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Ciudad de las Artes y las Ciencias, Valencia, Spain 

Museu de les Cienciés de la Valéncia

From the tourist information centre in Plaza Ayuntamiento I bought combined tickets for the aquarium (Oceanográfic) and the science centre of Valencia (Museu de les Cienciés de la Valéncia). We caught bus 18 from behind the bullfighting ring to the 2nd round about once we crossed the river park and then we walked into the park and marveled at the architecture while we walked to the aquarium.

After we finished at the aquarium we paid 5€ per child to use the aquatic bikes (on a paddle board) in the forecourt of the science museum for 10 minutes. Ironically our children were more interested in these activities (the other options were large balls tethered to ropes on the water, row boats or kayaks) than the aquarium or science centre.

We have had magnificent weather all week and it was in the mid 20s as we walked to the aquarium. We are not used to sunshine or warmth because we live in Trondheim, Norway so it was challenging for our children but we managed and thankfully many of the exhibits at the aquarium are below ground.

The logo for the aquarium shimmers

It was a bit strange for me to see sea lions in captivity when I’ve seen them in the wild in Australia, New Zealand and Argentina. It seemed cruel to keep these wide-ranging animals in a zoo enclosure. 

The Gentoo penguins look bored

Apparently it’s the biggest aquarium in Europe and it certainly is a large complex with Arctic, Antarctic, temperate and tropical enclosures and includes some reptiles, amphibians and birds, as well as the usual aquatic animals. Some of it felt more like a zoo than an aquarium and reminded us of why we don’t visit zoos. However the enclosures seem fine, the animals are protected from the human visitors and it’s fine as far as zoos go. Our 8 year old son dashed from exhibit to exhibit observing, learning, commentating, and moving on, drinking it all in. Ultimately he became very interested in the Streets Calippo slushy drinks though and he enjoyed 500ml of that while our 10 year old daughter had 2 scoops of Gelato and we had decaffeinated capuccinos.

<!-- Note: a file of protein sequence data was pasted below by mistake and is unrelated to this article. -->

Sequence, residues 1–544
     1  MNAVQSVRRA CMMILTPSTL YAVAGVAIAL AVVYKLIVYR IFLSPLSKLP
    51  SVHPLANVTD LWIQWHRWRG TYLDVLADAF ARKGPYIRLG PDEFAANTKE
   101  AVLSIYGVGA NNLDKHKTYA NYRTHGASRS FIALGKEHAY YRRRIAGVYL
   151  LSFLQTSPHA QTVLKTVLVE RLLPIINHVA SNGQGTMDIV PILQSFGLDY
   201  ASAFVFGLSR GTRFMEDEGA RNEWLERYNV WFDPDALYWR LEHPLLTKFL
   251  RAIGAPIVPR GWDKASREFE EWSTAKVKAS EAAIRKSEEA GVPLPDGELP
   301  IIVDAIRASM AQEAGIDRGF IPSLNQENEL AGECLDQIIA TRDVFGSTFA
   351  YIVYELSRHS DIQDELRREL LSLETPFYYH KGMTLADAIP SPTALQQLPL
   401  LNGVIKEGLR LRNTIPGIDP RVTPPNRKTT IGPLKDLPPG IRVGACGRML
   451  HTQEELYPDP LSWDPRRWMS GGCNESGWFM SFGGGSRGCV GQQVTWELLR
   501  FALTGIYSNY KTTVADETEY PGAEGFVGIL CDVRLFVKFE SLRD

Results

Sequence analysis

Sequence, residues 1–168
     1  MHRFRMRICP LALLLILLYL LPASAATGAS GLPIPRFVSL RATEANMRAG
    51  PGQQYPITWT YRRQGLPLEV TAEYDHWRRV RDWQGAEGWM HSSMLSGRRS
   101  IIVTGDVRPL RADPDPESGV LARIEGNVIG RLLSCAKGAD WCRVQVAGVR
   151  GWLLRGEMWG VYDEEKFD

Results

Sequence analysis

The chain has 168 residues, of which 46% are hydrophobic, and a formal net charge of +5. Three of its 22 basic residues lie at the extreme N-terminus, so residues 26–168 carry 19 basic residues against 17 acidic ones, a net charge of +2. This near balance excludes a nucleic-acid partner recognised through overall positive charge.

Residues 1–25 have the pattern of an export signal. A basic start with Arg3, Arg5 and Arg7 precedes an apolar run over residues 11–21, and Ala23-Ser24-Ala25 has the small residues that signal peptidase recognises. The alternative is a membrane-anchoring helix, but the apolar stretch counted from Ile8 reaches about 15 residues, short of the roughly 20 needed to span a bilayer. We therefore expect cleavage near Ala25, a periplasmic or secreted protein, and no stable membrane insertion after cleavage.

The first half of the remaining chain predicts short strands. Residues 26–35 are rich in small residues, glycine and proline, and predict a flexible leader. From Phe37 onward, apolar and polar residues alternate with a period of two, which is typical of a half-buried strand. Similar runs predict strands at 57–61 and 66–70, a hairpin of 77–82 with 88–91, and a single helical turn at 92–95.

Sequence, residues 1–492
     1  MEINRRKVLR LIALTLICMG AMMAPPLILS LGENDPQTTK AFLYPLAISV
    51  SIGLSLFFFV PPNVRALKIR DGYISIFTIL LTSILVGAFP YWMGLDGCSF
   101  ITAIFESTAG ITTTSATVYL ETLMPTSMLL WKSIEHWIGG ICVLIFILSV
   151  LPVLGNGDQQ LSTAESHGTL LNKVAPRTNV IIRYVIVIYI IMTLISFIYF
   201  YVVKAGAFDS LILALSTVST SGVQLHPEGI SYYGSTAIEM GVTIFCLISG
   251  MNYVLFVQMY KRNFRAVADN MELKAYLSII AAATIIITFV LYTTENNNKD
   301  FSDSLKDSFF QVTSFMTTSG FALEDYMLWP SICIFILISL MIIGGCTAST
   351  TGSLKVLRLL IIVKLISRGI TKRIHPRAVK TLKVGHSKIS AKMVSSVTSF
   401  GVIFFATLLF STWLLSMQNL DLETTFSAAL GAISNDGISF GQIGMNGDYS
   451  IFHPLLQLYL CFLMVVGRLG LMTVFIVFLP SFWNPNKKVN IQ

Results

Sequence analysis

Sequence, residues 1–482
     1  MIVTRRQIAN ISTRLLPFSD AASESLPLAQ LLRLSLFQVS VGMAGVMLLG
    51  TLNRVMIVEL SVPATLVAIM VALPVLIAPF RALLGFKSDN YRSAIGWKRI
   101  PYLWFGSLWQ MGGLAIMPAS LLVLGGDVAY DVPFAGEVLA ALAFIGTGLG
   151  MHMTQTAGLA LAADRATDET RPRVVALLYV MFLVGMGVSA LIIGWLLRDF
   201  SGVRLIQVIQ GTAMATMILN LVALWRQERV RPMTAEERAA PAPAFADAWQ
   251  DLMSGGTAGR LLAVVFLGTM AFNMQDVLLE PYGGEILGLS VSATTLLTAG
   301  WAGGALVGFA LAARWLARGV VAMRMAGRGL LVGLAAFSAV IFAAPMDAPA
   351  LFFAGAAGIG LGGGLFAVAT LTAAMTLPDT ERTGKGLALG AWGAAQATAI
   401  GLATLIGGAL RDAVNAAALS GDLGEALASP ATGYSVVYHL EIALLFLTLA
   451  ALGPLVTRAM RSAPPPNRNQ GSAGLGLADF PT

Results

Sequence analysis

The delfinarium is definitely worth visiting!

We missed a show at the delfinarium and when I chatted with an attendant he said that the dolphin show is the highlight of the aquarium so we arrived half an hour early for the next show. It was fantastic. The show is in Spanish. I understood some, our children didn’t understand anything but it didn’t matter because the magnificent dolphins are so entertaining and eager to please and receive treats and applause. The dolphins didn’t seem to suffer for living in captivity because they do a lot of exercise in the show and seem to have good bonds with their handlers.

We walked home through the park, into the old town and tried to jolly our children along with their tired legs.

Gargoyle on the bridge

On Good Friday we walked back to the park, this time to play at Gulliver’s play ground but after half an hour our children were not enjoying it because of the crowding, the heat (it wasn’t hot by Mediterranean standards), and boredom because they had climbed and slid the bits that interested them.


So we kept walking and visited the science museum (Museu de les Cienciés de la Valéncia). The science centre was quite good but less than what I expected considering the building that hosts it is so innovative. We’ve taken our children to science centres in Australia, Malaysia, Poland, Indonesia and Norway and this one is similar to those in terms of experiences for children 6-10. The highlights were the exploratorio with its hands-on exhibits, the ‘behind the electric wall socket’ exhibition and the play section at the space exhibit. Fortunately our 8 year old son received a science kit for his birthday so he and his 10 year old sister have started learning about electricity, so this added more to their enjoyment at the Valencia science centre.


One comment on “Ciudad de las Artes y las Ciencias, Valencia, Spain 

  1. Pingback: Easter Sunday in Valencia, Spain  | strivetoengage

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